Considering the ultimate gift in organ donation week
Health: 460 people awaiting kidney transplants
Organ donor awareness week, which runs until Saturday, is a reminder of the societal benefits of carrying an organ donor card. There can be few greater acts of altruism than donating one’s organs after death; a person’s lungs, heart, kidneys, liver and corneas can offer life-saving and life-enhancing opportunities to those with a variety of end-stage diseases.
The Irish Kidney Association (IKA) has predicted the number of people needing dialysis in Ireland will rise from 2,000 to 3,000 in the next 10 years. There are 460 people currently on the kidney transplant waiting list. Beaumont Hospital carried out 153 kidney transplants last year, including 33 from living donors.
IKA chief executive Mark Murphy has called for a second national kidney transplant centre to be set up to meet “spiralling demand”. His proposal was not rejected by acting Minister for Health Leo Varadkar who acknowledged the validity of a separate argument in favour of centralising the current three centres of transplant surgery in one hospital.
However given the long-standing problem with the “clogging” of Beaumont Hospital’s beds, which has led to ongoing difficulties for both emergency and elective procedure patients, centralising transplant activity in one unit may be offering future hostages to fortune. A second multi-organ transplant centre would seem a more astute development for the next government to consider.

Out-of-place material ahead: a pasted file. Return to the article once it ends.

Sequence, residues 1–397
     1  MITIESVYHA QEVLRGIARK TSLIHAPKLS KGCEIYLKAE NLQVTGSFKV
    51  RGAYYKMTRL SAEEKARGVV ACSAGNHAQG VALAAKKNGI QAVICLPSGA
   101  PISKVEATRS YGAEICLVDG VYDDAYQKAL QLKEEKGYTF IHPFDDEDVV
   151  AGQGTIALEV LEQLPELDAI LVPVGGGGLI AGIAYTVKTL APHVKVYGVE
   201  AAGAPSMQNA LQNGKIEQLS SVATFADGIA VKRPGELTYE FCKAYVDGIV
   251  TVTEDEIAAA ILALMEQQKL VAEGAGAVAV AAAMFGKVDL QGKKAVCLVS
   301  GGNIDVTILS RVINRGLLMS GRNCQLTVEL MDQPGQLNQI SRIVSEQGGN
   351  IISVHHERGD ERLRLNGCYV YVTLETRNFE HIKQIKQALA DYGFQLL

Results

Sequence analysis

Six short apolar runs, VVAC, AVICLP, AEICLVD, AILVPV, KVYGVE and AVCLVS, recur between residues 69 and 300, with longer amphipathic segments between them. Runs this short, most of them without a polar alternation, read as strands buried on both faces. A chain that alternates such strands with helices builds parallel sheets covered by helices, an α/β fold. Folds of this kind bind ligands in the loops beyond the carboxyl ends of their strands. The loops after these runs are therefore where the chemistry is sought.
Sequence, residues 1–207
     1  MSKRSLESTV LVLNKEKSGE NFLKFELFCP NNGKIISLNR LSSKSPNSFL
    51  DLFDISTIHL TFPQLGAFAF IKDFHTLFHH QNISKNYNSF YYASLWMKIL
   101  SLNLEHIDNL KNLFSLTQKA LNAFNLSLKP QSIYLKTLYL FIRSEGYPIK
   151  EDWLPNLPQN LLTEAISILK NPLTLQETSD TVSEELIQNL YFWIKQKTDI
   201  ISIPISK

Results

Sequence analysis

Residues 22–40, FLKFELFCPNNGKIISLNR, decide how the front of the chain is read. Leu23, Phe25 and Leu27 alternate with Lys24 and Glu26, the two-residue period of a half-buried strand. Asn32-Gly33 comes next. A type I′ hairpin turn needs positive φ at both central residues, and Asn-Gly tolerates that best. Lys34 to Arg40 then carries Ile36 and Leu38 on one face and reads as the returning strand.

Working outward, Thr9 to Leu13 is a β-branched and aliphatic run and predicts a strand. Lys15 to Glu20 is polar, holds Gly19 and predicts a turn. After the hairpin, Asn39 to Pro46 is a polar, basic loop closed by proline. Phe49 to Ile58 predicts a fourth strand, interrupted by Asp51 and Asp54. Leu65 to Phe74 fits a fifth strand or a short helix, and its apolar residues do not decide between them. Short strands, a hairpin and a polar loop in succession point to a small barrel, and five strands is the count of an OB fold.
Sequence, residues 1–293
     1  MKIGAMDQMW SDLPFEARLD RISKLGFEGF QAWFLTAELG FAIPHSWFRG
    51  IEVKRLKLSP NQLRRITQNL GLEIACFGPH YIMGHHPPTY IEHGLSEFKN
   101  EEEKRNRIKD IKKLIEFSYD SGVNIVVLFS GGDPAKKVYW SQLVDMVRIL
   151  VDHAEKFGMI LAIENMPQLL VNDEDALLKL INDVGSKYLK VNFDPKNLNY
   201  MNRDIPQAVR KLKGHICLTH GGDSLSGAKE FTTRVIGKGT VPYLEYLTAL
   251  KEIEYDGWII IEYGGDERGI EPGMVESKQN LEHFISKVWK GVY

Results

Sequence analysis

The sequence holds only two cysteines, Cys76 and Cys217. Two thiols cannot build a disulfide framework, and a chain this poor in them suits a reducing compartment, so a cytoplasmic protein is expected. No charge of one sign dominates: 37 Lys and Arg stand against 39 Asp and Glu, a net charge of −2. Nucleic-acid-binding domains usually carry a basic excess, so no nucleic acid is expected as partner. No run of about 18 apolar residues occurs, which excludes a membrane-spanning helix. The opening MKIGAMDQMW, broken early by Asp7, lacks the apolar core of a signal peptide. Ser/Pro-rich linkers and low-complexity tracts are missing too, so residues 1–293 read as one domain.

The other side of the organ transplant equation is the availability of suitable donor organs. It is time to seriously consider implementing a soft opt-out organ donor system; if people do not object to their organs being used after death, they should be used to save lives, with the proviso that next of kin continue to be consulted. The subject of a public consultation process in 2013, such a system has the potential to significantly increase the donor organ pool. An opt-out system is better for recipients, better for donors and better for relatives. Legislation to make this a reality must be a priority for the incoming administration.